Of course, the Blue Jays have plenty of objective ways to measure Pearson’s stress and fatigue as well. High-speed cameras and motion-capture technology will track everything he does on a mound, from the angle of his arm, to the position of his landing foot, to the thousands of revolutions per minute his pitches make as they’re speeding towards home plate.
Those data points will all be monitored throughout the season, and if anything looks unusual it will be brought to the attention of team staff in order to determine whether it’s a sign of excessive fatigue or merely a young pitcher tinkering with different mechanical adjustments in his delivery. What helps is that Pearson’s as interested in the data as anyone. He’s been using Rapsodo units to gauge the velocity, spin, movement, and break of his pitches since before he was drafted.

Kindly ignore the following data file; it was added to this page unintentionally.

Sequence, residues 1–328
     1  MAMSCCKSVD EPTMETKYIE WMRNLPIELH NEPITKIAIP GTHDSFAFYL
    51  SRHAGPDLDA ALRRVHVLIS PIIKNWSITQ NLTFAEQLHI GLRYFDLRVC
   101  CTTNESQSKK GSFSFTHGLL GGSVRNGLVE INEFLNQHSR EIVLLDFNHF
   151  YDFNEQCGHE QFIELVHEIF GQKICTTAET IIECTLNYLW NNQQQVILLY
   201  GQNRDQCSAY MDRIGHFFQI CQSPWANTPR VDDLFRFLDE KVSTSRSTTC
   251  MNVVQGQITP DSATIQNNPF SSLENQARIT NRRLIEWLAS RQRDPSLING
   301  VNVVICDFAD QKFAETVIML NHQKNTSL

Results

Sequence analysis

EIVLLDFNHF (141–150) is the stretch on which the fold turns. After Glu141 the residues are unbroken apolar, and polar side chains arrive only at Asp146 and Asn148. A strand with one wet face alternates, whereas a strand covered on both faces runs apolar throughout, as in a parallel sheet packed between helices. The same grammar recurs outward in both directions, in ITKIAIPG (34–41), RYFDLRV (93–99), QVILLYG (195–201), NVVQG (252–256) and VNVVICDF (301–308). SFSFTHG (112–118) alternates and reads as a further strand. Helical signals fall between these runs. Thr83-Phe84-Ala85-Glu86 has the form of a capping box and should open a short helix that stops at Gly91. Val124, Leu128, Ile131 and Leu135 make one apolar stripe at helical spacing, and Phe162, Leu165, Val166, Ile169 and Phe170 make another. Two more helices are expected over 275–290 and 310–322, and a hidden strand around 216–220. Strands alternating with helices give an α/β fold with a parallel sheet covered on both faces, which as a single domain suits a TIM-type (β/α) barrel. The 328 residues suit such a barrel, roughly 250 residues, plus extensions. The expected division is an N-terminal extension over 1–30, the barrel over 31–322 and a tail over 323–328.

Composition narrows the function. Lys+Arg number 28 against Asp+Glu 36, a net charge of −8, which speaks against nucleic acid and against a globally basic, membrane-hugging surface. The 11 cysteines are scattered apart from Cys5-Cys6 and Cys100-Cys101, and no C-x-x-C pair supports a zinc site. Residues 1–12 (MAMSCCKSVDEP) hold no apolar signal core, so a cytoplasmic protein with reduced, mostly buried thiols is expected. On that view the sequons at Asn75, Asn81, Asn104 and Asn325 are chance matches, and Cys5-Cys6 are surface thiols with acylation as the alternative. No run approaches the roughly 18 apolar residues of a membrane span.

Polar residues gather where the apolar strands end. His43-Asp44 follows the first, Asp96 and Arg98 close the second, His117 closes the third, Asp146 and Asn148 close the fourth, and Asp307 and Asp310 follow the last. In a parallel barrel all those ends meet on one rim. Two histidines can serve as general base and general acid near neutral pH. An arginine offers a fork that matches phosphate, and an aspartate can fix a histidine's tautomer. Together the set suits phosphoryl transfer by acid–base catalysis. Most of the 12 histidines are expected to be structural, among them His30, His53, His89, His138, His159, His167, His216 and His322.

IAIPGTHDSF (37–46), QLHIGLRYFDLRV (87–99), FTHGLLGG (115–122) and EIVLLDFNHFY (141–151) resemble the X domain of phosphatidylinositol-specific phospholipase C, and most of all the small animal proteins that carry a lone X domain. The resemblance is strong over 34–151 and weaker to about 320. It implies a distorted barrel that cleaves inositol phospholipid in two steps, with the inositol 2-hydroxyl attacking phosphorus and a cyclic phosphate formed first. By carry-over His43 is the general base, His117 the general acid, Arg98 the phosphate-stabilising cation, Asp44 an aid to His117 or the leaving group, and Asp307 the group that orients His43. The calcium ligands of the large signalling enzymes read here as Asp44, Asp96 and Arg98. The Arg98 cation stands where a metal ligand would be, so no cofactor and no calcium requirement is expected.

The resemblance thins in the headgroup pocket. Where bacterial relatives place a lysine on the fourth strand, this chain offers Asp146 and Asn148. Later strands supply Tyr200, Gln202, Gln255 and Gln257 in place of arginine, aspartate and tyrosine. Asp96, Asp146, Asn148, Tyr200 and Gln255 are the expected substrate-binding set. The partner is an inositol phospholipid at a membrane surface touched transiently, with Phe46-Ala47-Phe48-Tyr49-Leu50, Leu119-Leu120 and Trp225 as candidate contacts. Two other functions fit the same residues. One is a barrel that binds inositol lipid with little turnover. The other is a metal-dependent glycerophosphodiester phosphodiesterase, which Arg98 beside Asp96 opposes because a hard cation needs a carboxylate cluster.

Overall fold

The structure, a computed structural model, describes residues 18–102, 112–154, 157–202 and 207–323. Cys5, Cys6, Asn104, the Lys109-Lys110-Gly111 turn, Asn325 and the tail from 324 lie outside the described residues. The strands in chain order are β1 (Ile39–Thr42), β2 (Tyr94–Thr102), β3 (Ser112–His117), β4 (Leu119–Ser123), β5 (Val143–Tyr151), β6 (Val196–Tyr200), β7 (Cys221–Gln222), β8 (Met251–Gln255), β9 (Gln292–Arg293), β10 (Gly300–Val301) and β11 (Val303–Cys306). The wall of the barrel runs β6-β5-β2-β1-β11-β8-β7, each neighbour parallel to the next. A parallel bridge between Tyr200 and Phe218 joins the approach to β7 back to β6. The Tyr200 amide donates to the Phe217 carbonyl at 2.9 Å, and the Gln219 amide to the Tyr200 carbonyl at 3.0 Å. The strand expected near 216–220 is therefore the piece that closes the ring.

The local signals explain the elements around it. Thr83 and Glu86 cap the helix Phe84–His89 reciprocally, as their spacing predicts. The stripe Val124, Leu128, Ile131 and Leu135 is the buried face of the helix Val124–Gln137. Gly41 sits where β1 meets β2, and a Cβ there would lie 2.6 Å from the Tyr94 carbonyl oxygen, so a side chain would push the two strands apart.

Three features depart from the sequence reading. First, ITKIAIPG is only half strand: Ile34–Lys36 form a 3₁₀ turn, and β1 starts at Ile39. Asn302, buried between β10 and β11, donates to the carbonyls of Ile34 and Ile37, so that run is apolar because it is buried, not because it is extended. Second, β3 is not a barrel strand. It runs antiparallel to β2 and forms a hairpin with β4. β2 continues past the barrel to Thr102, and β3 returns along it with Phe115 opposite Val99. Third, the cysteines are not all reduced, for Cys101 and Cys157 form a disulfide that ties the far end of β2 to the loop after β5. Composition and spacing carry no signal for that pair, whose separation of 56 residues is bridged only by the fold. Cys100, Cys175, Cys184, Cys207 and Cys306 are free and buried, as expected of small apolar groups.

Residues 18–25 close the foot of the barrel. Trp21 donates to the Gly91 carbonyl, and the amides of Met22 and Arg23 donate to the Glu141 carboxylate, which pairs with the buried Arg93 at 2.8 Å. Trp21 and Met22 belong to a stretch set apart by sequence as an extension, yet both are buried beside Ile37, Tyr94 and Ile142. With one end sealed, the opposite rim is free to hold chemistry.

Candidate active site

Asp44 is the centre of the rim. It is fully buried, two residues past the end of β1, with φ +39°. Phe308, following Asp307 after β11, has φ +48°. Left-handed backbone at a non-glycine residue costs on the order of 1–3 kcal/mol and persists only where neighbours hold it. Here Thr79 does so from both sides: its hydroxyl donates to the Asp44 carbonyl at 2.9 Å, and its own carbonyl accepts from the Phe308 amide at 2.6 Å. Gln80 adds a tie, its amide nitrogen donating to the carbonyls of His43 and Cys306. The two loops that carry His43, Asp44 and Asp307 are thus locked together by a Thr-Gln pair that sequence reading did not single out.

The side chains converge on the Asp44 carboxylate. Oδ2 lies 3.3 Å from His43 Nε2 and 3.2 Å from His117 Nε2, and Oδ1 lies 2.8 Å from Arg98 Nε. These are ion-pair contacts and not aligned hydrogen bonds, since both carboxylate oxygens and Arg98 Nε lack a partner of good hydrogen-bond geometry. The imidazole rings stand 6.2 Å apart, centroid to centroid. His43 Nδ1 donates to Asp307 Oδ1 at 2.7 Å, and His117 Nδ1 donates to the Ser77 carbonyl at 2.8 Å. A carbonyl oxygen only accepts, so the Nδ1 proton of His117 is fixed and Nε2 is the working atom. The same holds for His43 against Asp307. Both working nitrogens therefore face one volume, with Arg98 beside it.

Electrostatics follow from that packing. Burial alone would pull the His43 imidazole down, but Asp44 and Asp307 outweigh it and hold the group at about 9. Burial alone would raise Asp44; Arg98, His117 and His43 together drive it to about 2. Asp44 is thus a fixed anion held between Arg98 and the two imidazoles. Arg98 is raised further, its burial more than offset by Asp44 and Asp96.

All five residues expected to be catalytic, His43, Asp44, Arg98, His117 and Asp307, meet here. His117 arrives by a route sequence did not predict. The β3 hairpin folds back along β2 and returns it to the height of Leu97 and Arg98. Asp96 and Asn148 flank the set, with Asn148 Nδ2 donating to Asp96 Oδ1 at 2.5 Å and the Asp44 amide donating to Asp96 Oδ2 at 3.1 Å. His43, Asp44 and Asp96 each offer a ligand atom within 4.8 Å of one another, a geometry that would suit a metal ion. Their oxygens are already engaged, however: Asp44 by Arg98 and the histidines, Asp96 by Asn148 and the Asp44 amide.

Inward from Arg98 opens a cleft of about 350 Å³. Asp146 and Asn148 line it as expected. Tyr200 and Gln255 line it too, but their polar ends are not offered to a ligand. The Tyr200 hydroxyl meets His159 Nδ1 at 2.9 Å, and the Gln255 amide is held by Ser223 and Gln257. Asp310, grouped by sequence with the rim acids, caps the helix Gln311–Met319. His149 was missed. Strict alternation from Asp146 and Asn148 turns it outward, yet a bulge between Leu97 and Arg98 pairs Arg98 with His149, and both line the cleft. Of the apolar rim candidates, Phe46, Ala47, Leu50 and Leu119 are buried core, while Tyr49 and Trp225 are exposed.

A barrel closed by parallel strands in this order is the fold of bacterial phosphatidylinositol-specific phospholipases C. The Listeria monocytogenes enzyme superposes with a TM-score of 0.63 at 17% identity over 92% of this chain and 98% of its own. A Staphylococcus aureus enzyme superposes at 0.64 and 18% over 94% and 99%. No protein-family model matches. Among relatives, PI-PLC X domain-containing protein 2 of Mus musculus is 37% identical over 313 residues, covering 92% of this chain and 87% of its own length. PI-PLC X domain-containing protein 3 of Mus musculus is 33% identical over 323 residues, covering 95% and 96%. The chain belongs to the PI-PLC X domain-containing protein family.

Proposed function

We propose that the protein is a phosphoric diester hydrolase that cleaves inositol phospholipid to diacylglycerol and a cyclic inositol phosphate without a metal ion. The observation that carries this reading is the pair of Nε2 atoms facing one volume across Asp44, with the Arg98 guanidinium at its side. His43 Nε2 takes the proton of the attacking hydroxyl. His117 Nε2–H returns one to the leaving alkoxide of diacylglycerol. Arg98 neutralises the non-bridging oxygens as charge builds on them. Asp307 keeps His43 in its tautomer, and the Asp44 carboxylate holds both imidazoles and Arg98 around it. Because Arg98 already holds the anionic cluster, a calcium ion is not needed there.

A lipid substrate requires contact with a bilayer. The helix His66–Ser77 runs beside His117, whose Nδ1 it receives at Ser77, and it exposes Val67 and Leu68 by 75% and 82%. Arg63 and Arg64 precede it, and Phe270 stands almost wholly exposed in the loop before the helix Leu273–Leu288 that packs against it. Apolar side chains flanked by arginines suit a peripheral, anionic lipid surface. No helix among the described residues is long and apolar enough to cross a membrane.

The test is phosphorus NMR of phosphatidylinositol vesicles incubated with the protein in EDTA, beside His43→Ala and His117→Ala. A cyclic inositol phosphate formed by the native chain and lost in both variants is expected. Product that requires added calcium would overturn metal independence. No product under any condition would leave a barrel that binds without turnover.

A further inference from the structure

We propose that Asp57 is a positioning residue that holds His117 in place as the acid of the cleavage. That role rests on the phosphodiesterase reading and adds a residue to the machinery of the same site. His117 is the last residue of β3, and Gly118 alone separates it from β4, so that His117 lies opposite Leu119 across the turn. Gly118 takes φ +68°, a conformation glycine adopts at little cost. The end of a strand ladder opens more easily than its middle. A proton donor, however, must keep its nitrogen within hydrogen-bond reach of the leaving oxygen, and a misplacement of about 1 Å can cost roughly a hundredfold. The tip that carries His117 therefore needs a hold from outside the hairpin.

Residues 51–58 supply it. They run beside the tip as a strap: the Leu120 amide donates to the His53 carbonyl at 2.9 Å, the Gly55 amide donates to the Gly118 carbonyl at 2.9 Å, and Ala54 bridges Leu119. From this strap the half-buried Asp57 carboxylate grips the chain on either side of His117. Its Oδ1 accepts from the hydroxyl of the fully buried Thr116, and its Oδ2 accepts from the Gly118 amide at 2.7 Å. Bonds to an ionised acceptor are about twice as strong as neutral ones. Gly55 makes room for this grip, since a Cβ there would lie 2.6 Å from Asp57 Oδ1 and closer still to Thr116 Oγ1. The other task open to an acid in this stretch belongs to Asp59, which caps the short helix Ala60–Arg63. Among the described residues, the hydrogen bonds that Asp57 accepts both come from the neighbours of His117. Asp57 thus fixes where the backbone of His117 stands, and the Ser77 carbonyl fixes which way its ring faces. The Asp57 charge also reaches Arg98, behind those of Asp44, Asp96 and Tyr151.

"We’re using all of those as pieces to the equation to give him the best chance to be successful," Atkins said. "If we’re seeing arm-slot changes, if we’re seeing spin rates decrease, we’d rather have information so we can avoid those things happening. Maybe they’re the most subtle adjustments in spin rates, or position, or arm action, or arm slot, or hand position that we’re able to make and be a little bit more proactive."
So, how many innings will Pearson end up at this season? No one can say. It’s not as simple as merely counting outs. It’s obviously not a great idea to double or triple a pitcher’s workload year over year. But if Pearson maintains his mechanics, his strength, and his effectiveness as he reaches 110, 120, 130 innings? The Blue Jays may be liable to let him keep rolling until the data suggests he’s ready for a break.
It all depends. The Blue Jays aren’t making any decisions with regards to Pearson’s progression today. They’ll let his results, his health, and the club’s needs dictate that as the season develops. If he needs rest, he’ll get it. If an injury occurs, it’ll be dealt with. And if he continues pitching like he did in his spring debut Tuesday? Well, that’d be something else.